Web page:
The Organisation for Economic Co-operation and Development (OECD) realised two years ago that the way it was storing and delivering content was out of sync with the needs of its users.
The OECD is a think tank for social and economic policy which publishes roughly 400 books a year in many languages. This involves “a lot of data and literature, working papers, policy briefs”, says Toby Green, head of publishing at the OECD, with content going out to 15,000 subscribers, including universities, governments and businesses. (See also: what is a graph database?)
“Four hundred books a year doesn’t sound like much, but if you consider that we break them up into independent parts we are publishing 35,000 items a year,” he told ComputerworldUK.
“So we need an engine that can cope and sort through that so the user doesn’t get lost.”
Hub and spoke model
Green and the OECD wanted to move to a centralised content library with a "hub-and-spoke" dissemination model.
After assessing its options the OECD decided to move its data to a NoSQL database solution from MarkLogic.
The NoSQL database allows the OECD to store all of its content - from journals and books to charts and graphs - in one, standardised way. The built-in search capability allows users to query data and metadata for faster, more accurate content discover.
Previously the OECD had been using a home-grown relational database based on SQL, and distribution was handled by a team of content editors.
Half of the editors would be tasked with manually loading summaries into the publication database and then someone else was responsible for dissemination across digital channels.
Now they can upload summaries in 30 different languages in just three clicks. “The content manager is able to intervene and create everything and disseminate it themselves. They are getting full responsibility of the value chain and see the impact, and they like that,” says Green.
The distribution ‘spokes’ include home-grown channels like the OECD iLibrary, online bookshop, data.oecd.org and OECD.org; as well as third-parties like Google Play, Scribd and RePEc and specialist search engines like Summon and Ex Libris.
The first project the OECD took on with the help of MarkLogic was to integrate its existing library of 4,700 book summaries in 30 languages into the new “hub and spoke” library platform, which it managed in under six months.
This proof of concept allowed the OECD to eventually move all of its publishing activity to the MarkLogic system. Green says the next stage in OECD’s content strategy with MarkLogic will be building out semantic tools for better meta-discovery.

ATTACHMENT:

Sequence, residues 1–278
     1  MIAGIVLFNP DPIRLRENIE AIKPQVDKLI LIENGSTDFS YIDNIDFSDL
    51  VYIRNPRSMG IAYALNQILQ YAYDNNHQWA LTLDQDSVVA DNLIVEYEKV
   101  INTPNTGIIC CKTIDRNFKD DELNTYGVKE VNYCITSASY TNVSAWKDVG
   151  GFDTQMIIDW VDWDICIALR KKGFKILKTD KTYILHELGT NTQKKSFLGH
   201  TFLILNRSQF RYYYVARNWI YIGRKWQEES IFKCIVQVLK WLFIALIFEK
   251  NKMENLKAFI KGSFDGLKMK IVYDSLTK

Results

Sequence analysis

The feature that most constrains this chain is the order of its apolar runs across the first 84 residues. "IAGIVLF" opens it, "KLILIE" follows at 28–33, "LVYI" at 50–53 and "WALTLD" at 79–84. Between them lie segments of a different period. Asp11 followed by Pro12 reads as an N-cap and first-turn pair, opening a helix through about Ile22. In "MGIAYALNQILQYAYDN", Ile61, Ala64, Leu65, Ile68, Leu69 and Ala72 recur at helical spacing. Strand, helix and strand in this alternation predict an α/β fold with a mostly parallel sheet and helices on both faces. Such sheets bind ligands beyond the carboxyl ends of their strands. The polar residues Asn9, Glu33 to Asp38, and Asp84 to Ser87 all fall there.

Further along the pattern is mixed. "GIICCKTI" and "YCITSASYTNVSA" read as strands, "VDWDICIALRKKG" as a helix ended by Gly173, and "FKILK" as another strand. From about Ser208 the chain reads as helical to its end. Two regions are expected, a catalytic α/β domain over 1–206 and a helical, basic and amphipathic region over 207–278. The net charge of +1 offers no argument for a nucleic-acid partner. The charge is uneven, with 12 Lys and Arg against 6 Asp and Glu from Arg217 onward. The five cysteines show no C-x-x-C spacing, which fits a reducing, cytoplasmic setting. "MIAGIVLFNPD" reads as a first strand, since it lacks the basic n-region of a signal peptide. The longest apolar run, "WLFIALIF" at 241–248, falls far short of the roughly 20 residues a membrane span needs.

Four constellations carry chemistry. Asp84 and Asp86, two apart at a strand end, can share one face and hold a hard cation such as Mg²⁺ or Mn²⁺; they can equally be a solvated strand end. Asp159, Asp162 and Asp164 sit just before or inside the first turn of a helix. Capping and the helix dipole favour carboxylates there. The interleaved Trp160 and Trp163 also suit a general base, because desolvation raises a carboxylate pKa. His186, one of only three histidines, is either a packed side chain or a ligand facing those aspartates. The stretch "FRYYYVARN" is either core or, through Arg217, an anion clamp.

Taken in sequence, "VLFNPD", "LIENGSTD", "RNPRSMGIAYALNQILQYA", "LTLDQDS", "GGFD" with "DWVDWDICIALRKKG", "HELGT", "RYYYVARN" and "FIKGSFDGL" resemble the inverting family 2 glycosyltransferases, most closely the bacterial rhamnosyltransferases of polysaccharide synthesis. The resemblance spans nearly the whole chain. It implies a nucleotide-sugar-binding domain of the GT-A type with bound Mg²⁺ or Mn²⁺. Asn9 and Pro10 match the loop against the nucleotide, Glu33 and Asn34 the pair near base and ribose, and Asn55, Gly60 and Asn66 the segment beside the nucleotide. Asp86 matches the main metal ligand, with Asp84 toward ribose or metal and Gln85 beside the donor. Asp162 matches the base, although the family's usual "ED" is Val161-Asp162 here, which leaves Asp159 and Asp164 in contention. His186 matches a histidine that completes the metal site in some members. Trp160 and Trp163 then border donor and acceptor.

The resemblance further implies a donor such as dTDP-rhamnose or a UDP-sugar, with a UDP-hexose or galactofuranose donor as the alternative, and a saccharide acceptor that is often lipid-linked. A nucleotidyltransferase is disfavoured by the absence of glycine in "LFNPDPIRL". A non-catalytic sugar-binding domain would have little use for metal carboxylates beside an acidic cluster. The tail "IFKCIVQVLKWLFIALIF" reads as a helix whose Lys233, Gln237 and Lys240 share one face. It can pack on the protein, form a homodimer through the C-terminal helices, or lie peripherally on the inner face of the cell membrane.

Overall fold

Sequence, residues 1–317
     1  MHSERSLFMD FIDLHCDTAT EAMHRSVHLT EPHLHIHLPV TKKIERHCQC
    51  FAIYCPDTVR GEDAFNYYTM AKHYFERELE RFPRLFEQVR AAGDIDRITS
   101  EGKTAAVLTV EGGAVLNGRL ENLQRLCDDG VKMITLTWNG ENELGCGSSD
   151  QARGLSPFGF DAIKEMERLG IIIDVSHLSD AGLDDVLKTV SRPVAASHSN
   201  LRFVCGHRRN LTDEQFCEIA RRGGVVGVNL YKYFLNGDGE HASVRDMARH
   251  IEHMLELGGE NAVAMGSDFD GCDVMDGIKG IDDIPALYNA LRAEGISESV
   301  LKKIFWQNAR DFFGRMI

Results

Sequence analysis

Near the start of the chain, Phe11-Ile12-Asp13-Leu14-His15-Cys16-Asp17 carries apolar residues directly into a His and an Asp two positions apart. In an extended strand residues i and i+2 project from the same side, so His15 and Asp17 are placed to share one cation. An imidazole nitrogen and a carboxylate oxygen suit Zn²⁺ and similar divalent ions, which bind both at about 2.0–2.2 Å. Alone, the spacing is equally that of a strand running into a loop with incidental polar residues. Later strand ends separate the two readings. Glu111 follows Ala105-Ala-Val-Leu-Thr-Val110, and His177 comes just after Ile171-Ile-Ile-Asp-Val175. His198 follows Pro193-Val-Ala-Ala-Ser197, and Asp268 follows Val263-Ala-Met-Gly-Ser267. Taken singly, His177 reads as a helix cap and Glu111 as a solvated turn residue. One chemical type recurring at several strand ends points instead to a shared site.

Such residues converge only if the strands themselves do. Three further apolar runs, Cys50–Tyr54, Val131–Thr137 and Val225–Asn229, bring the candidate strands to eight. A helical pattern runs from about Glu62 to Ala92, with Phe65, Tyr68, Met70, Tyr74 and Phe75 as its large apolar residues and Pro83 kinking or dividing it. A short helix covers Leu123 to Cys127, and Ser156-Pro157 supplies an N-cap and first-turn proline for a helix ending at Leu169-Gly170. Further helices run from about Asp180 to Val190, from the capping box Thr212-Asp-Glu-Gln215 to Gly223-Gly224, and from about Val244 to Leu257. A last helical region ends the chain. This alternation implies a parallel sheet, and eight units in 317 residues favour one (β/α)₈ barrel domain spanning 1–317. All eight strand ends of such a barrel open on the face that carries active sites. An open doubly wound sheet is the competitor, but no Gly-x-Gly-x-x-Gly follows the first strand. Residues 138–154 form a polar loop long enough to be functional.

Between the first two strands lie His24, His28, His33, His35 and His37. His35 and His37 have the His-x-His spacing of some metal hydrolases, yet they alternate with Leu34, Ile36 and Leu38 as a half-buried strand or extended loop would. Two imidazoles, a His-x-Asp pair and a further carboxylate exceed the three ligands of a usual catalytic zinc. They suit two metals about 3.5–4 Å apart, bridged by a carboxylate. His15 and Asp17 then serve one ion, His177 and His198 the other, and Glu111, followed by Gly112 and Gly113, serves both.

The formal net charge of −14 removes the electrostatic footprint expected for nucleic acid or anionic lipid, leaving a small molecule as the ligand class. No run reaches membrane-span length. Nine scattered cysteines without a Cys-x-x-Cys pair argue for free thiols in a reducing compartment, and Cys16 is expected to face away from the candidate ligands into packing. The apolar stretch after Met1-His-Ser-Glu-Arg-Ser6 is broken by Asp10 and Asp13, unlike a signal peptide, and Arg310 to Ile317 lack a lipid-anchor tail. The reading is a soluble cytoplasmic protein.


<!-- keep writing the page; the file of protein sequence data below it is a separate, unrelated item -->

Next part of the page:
Couldn’t the OECD buy this sort of software off the shelf though? “How on earth do you manage all this disparate stuff?” asked Green.
“You can go to the market and buy a book management engine or a journal management engine but I don’t know any that support all of these data sets alongside each other.
“There is no engine that supports all four content types in one place. To build a unified user experience, with single search and seamless movement we needed to manage all of it in one place.”
The model clearly serves a niche need, as the United Nations (UN) has been working with the OECD to implement a similar content management system since last year. The deal with the UN was signed in October, built in beta in three months and in production within six months.
Why not go open source though and save on the cost? With just four full time engineers the OECD needed a solution that was low-maintenance.
“We wanted a solution that was maintained and robust in the long run," explains Pascale Cissokho Mutter, head of project and information management at OECD. "The problem is it’s not an open source culture here and the challenge is you end up having to do the engineering yourself and that becomes onerous in the long run.”
How about the big vendors? “We like working with companies who have momentum behind them,” Mutter says.
“We also tend to go with specialists rather than the big companies as we find you get a better, closer relationship and a better hearing. The big companies are impersonal and we aren’t big enough to matter to them.”